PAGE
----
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Does Dr. Ben Carson Have A Good Plan For Gun Control?

The Huffington Post The Huffington Post 6/10/2015 John A. Tures
GUNS DOCTORS © David Crockett via Getty Images GUNS DOCTORS

The newly anointed front-runner for the Republican Party also has a new idea for gun control. But is it a good idea? Would it have stopped the Oregon killer, or even the South Carolina shooter? And would fellow Republicans embrace it?
Dr. Carson's recently released book, A More Perfect Union, is more than just a great title. It also contains a blueprint for attempting to solve the rash of school shootings.

In an interview with Business Insider
, Dr. Carson suggested developing a massive database of "dangerous people" who should not own a firearm.

"In the case of both the shooter in Aurora and the one at Virginia Tech, there was evidence that these were dangerous people. And that could be easily in a database. We have the mechanism for dong stuff, but we have to act on it. Common sense will tell you that you're not going to put dangerous weapons in somebody's hands like that. That seems like a big part of our problem. Common sense - we don't seem to have it anymore."

Anyone studying the issue knows that there are lots of background checks going on. But despite the reams of data, there's little integration of this data. Perhaps that's why a Georgia court ordered John Russell "Rusty" Houser to be committed for threatening his wife and daughter over the latter's wedding. But over in Alabama, nothing was done about it. Houser even got a gun from an Alabama pawn shop legally, so he could carry out his murderous rage at a feminist comedy film in Lafayette, Louisiana. If he couldn't kill his wife and daughter, he could find some surrogates at a movie for women.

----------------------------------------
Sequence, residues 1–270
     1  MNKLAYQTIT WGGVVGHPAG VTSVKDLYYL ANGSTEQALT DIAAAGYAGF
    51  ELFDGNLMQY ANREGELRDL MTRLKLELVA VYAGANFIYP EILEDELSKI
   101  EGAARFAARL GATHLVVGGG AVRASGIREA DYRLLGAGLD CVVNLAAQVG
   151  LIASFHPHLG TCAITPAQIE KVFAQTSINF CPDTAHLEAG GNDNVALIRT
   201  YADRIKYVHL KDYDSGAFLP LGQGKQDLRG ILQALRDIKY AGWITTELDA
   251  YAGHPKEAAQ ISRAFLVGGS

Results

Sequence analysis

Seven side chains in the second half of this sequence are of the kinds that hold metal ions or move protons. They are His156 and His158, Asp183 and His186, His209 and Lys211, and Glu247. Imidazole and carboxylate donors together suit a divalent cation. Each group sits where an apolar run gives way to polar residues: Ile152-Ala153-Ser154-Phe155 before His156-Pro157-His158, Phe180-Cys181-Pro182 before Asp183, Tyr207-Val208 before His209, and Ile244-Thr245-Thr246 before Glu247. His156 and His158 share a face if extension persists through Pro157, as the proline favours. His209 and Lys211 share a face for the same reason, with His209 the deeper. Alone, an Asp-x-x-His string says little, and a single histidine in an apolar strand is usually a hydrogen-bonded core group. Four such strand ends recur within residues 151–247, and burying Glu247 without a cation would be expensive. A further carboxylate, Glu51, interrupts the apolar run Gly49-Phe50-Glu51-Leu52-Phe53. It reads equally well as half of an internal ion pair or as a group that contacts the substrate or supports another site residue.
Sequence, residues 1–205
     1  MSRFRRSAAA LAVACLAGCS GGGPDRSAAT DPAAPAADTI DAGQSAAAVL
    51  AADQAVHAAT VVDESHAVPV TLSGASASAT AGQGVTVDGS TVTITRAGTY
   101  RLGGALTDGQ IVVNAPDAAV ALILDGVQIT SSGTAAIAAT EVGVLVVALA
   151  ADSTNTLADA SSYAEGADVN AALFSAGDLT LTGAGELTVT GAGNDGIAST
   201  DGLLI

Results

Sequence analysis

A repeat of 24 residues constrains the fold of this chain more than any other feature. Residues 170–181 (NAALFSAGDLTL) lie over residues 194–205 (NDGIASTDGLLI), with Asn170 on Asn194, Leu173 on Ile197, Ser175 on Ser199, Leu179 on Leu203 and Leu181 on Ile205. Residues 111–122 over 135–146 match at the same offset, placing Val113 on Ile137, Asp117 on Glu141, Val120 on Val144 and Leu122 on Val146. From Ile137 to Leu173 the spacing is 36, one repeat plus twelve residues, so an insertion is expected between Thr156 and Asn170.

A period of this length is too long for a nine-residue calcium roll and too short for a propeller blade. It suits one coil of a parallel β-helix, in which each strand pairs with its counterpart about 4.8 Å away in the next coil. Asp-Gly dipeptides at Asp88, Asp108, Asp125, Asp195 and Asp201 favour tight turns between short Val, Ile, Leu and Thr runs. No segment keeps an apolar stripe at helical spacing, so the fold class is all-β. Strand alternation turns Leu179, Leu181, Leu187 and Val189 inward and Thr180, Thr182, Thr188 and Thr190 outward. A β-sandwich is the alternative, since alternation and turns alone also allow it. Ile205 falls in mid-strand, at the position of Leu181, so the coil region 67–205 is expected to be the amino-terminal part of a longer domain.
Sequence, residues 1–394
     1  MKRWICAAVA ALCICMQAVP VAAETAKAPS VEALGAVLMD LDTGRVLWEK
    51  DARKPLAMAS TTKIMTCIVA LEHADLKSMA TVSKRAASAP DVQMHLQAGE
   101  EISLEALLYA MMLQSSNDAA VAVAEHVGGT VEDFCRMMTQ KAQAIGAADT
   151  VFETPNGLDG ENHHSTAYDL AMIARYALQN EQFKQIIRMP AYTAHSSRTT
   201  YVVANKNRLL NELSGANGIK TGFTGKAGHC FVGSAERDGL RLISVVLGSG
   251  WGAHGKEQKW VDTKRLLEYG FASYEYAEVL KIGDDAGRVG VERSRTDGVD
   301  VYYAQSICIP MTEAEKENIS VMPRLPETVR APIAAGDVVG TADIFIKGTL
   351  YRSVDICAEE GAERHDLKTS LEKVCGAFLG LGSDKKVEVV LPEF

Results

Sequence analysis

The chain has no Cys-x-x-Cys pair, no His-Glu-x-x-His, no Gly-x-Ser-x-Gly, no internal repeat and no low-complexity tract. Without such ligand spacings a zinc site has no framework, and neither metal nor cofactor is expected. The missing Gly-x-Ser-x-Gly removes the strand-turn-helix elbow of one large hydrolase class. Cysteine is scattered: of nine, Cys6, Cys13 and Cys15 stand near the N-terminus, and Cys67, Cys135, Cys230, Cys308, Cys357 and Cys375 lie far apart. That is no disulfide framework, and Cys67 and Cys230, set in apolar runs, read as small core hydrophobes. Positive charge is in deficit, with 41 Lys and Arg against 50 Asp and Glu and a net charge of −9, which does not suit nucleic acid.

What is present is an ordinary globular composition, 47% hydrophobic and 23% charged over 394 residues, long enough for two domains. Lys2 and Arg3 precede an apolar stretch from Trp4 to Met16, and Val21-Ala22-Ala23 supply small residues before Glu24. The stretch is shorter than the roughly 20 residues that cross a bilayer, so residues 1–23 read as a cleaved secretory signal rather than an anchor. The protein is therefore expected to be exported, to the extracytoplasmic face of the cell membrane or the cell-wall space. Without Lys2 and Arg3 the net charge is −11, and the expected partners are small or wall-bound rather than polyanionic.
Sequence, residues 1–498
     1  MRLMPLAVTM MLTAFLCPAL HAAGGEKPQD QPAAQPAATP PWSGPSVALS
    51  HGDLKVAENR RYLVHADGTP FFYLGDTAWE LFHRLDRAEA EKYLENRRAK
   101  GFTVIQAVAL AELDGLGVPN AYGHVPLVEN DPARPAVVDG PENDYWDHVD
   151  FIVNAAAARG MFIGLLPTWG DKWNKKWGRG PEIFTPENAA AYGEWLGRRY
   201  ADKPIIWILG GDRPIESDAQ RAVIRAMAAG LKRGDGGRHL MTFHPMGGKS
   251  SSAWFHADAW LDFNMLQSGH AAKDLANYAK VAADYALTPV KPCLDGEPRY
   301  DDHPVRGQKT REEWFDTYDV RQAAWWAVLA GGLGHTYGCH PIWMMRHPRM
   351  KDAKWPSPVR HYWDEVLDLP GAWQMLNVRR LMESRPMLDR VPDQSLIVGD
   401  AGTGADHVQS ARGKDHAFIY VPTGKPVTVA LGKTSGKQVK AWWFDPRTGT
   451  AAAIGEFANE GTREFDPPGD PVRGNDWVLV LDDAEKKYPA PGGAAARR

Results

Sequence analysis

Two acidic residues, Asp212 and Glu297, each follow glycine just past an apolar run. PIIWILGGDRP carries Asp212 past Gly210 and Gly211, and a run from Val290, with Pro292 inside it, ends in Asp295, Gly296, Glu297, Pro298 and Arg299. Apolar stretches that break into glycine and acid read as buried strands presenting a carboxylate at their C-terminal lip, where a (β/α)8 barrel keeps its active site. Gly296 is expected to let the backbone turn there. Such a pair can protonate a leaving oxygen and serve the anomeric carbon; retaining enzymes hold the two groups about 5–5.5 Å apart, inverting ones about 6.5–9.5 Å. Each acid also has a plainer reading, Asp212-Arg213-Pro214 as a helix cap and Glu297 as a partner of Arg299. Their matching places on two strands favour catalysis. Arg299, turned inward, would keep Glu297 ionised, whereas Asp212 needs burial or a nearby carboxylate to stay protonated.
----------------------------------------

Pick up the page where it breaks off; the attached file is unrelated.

Dr. Carson's plan might have stopped the Virginia Tech shooter and the Aurora Theater massacre, perhaps, if those who have been treated for mental illness are denied a weapon, as Dr. Carson's plan calls for. It wouldn't have stopped the Oregon community college shooter, unless there is any additional evidence uncovered that would show the killer had encountered any mental health treatment (instead of claims by someone that the shooter might have had mental health issues, an item that wouldn't register on a Dr. Carson database). It wouldn't have stopped the Charleston church slaughter, unless the shooter could be denied a weapon over illegal drug possession and trespassing at a mall (unless Dr. Carson calls for this as well).
Moreover, knowing that mental health hospitalization would cost a person the ownership of a gun, people would act to make sure they never encountered a mental health official or institution.
Dr. Carson would have a fight on his hands, but not necessarily from Democrats, who think the plan's not such a bad idea, but doesn't go far enough. Instead, he would have to battle fellow Republicans. Amazingly, Georgia responded to the Sandy Hook tragedy with some lawmakers seeking to make it easier for folks who voluntarily sought inpatient treatment for mental illness or substance abuse, to get a gun. It passed the Georgia House by a 2:1 margin.
According to the Associated Press' Ray Henry, the bill's sponsor, Rick Jasperse of the GOP, said "Simply being hospitalized doesn't make a person a criminal or a threat."

Dr. Carson did claim that he wouldn't rule out lifting the ban allowing the Centers for Disease Control (CDC) to study gun violence
, in the Business Insider interview. This would put him on the side of President Barack Obama and the Democrats, but won't him many friends with the Republicans, who are loathe to admit that the issue needs studying. But at least one Republican agrees with Dr. Carson: former Rep. Jay Dickey, who originally authored the CDC ban on gun research.
John A. Tures is a professor of political science at LaGrange College in LaGrange, Ga. He can be reached at

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